Although this cruising advice is commonly shared, it’s fine to ignore these five pieces of advice on your next holiday.
1. You have to get a balcony
Sure, balconies are nice – but they will cost you. You can save up to 25 per cent by choosing an interior cabin, which adds up to a lot of extra piña coladas by the pool. If you’re on a large ship with lots of fun facilities, you won’t want to spend too much time in your cabin anyway. You’ll be out on deck, sampling all the restaurants, stage shows, games, spa or cinema. Interior cabins also have their benefits – if you’re a light sleeper, the lack of windows makes for complete darkness and a much better sleep. Many modern ships even have virtual balconies now, which will project a real-time image of the outside on a screen on the wall.
2. You should only take official shore excursions
One of the best things about cruising is getting to visit many different destinations in the one journey. And shore excursions are a fantastic way to see each port. Your cruise ship will offer a whole range that can be booked in house, but don’t think that these are your only option. Official shore excursions can be very expensive and don’t cover everything there is to see in port. You can definitely look to local operators you find online or go it alone, saving money and creating your ideal itinerary. Just make sure you’re back to the ship in plenty of time, because it is true that the ship can leave without you.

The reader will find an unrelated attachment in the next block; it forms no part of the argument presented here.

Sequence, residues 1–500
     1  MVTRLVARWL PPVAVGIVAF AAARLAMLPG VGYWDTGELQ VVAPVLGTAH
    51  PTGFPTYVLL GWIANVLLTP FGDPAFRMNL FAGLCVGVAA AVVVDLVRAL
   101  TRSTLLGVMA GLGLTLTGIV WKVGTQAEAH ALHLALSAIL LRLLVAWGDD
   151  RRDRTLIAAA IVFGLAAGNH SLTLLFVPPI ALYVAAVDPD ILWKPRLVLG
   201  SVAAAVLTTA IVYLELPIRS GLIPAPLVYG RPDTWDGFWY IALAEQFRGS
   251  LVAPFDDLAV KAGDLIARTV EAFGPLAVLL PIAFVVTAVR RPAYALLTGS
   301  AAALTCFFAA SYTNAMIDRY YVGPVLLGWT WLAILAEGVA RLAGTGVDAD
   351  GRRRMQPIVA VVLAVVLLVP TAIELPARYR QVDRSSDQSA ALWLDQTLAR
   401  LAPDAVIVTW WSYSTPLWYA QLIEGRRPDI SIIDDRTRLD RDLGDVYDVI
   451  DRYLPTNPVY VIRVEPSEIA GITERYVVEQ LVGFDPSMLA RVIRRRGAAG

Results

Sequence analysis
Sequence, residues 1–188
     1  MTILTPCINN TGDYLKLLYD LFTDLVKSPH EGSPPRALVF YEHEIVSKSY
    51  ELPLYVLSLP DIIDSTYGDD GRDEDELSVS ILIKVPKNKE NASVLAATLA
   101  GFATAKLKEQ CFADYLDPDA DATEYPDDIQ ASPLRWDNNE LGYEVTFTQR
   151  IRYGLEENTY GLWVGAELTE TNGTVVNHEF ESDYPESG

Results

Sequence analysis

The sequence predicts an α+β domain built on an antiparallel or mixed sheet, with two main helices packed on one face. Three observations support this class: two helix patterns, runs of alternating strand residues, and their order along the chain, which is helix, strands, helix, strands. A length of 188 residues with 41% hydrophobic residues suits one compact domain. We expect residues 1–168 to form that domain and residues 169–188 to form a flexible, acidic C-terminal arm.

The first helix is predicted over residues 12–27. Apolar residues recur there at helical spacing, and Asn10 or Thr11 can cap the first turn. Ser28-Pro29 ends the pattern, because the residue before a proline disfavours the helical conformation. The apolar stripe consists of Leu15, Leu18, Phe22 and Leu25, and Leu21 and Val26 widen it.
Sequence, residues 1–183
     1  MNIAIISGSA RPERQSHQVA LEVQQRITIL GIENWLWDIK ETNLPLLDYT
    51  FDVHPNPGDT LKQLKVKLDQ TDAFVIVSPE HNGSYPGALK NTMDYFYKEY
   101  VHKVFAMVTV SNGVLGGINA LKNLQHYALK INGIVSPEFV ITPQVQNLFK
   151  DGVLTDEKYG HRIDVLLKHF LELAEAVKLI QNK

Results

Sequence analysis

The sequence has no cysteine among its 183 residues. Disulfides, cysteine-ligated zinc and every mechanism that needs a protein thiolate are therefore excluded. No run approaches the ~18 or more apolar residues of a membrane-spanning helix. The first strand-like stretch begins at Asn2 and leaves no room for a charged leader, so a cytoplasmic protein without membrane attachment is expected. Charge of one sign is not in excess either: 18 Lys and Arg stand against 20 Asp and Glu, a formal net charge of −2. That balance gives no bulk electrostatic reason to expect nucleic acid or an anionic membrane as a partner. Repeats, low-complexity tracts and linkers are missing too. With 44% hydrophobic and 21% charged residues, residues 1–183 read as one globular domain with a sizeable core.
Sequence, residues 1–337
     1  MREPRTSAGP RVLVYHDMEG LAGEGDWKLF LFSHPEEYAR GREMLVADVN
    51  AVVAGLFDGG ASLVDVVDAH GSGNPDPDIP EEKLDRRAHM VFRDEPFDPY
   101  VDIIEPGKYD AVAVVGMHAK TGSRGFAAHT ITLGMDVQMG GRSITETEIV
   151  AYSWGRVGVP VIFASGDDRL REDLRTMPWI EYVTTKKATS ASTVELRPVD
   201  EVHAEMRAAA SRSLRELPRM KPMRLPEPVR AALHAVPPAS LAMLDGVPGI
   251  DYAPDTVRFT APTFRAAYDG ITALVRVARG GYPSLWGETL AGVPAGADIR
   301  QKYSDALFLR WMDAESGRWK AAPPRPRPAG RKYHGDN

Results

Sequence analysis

3. You should be prepared to get sick
Whether it’s seasickness or the dreaded norovirus, many people automatically associate cruises with being unwell. In fact, you’re really no more likely to get sick on a ship than you are on a plane or in a hotel. Outbreaks are often sensationalised in the media, so it seems like they happen more often than they really do. While it never hurts to think ahead and pack some basic medications, you shouldn’t board thinking the worst.
4. You must get off at every port
When you first look at your itinerary, it's natural to get excited about every port along the way. But as you’re travelling, you may find that you become exhausted and don’t feel like spending another day ashore. The answer is simple – don’t! A cruise gives you the freedom to do exactly what you want to do and sometimes all you really want is a day flopped by the pool. The added bonus is that the ship will be much less crowded on port days, so you’ll have more space to yourself.
5. You need to buy a beverage package
Most cruise lines now offer ‘all you can drink’ beverage packages that mean you can pay a flat fee per day rather than signing the bill each time. These often sound like a great deal, but make sure you be realistic about how much you’re going to drink. If your cruise has lots of port days, you may not be spending enough time aboard to take advantage of it. If you’re not a big alcohol drinker and are happy to stick to tap water, you’re better off paying as you go. Plus, if you decide you want to sign up later you can generally get a package within the first few days of sailing.
What else would you add to the list? Let us know in the comments below.